fresh kils

Arguably our biggest interview yet, we spoke to Fresh Kils about his hip hop origins. Just yesterday, I was watching a video over at Dubspot with Fresh Kils talking about his MPC 1000 and how he uses it. Even today, we told you about MC FÜBB’s latest EP with Kils on the beats. Well, now …

fresh kils

Arguably our biggest interview yet, we spoke to Fresh Kils about his hip hop origins.

Just yesterday, I was watching a video over at Dubspot with Fresh Kils talking about his MPC 1000 and how he uses it. Even today, we told you about MC FÜBB’s latest EP with Kils on the beats. Well, now we have an interview with the Canadian producer. Check it out.

When did you start making beats?

I started in 99′

What sort of music did you listen to growing up?

I was into rock mostly. I grilled my Dad once when I was a kid about how his music was kinda sissy, and then he dropped Jimi Hendrix on me, and it changed my life. Michael Jackson to Weird Al, Led Zeppelin to Metallica to NIN. Towards the end of highschool it was Rage, Beck & Portishead. The production elements of hiphop had started to seep in.

What was the first hip hop track that caught your attention?

The first hiphop song that really floored me was “Clear Blue Skies” by the Juggaknots. Its a white father scolding his son for dating a black girl, and it really impressed upon me the power of the medium of hiphop. For me it was the beats that brought me over, but that was the first song where the lyrics really hit me.

Who influences your style?

There’s multiple answers here. I’d say my MPC routines are heavily influenced by turntablism and the battle scene there; guys like A-Trak, TLO. In terms of appearance and performance, Ghettosocks has been a major influence.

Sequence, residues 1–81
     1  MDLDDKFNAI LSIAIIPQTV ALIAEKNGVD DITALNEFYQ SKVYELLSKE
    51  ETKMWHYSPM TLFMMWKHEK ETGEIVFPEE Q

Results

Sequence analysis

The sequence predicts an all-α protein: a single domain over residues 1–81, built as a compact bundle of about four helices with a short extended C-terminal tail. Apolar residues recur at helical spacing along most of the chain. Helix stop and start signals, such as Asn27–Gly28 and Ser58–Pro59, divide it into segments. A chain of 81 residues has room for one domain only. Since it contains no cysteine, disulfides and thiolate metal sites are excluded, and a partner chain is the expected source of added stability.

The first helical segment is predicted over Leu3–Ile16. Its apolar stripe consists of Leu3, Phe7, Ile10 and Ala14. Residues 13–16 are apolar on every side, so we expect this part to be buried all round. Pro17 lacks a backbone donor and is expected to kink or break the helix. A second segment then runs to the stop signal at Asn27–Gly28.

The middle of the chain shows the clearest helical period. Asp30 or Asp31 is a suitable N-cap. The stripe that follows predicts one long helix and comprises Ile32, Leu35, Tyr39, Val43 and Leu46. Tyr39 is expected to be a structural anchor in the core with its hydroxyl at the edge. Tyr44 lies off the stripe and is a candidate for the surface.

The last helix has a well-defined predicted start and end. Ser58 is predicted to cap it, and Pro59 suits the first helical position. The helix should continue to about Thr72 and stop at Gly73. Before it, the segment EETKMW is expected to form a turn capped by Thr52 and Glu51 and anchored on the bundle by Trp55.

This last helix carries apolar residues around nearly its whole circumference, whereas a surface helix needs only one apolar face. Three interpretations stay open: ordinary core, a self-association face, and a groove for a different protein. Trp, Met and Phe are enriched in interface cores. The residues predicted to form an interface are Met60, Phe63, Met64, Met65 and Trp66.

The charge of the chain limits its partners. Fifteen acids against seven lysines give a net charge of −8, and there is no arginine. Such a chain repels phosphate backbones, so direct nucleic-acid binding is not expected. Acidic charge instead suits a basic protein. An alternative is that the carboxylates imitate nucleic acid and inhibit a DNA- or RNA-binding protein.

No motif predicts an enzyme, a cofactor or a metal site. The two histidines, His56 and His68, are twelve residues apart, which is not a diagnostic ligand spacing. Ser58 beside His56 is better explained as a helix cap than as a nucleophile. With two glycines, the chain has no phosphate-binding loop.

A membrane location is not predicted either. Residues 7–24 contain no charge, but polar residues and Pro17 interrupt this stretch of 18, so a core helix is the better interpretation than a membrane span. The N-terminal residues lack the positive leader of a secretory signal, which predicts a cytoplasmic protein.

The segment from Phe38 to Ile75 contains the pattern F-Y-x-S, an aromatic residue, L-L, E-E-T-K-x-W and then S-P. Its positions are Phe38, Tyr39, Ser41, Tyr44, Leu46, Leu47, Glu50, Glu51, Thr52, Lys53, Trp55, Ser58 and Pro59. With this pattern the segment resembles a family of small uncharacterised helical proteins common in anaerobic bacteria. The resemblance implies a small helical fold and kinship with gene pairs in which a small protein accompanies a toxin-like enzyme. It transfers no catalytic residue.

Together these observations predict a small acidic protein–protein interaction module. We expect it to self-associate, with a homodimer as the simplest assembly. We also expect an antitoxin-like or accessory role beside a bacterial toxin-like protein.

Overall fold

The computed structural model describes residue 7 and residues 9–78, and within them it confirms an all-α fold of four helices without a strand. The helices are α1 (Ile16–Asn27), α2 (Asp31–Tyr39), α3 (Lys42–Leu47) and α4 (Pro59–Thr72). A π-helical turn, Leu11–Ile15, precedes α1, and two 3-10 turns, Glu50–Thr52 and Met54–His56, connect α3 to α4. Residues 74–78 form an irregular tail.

For production though, again there are more than a few answers. Pete Rock is influential for me because of his layering, especially because when I got into production, I was a long haired guitar playing hippie with my four track. And to me production was all about layering sounds; basslines, guitars, strings, horns, etc. Premier for his chopping and rawness, Timbaland for the vibe, and Dilla for his ability to turn ANY sample into something dope. Couldn’t always afford those ill records, so being able to take any sound, see beyond it, and make something bang, is SO important.

Do you think it is important to have a musical background, whether it be classically trained or just learning an instruments?

I personally think its very important. I know its helped me immensely over the years, both in production, and especially in working with other musicians and artists in the studio. There’s a distinction to be made here between beat makers and producers. You can be an ill beat maker without any formal musical knowledge, but becoming a true producer without it is much more difficult. There also needs to be a distinction between formal and informal training or knowledge. I know doods who don’t know a thing about scales and keys, and can play the keys amazing. For me, having that musical background in school that I had, allowed to me make connections faster and easier in the studio. I know why certain things work and don’t work. That being said, its the stark lack of that kind of training that has brought us the innovative musical sounds we know today as hiphop. We would never have had hiphop as we know it today if it had been left to classically trained musicians and composers.

Describe how you approach the making of a track.

It really depends. I usually start by listening to lots of music, new and old, and try to catch a vibe or idea from something. I use the MPC to sketch out a beginning, whether it be chopping samples and laying down a pattern, laying down drums, or even getting a chord progression going. Then I hit Logic and add elements, keys, sounds, etc, work it into a short arrangement.

From that point its about the artist. I personally like to work closely with artists on songs, from conception to final mix. The concept should dictate the direction. And for me once the recording is done, its that final stage where you really work the track beyond its component parts, that matters. Arrangement, transitions, dropouts, fx, intros, outtros, etc. The details are what really differentiate an artist or a song.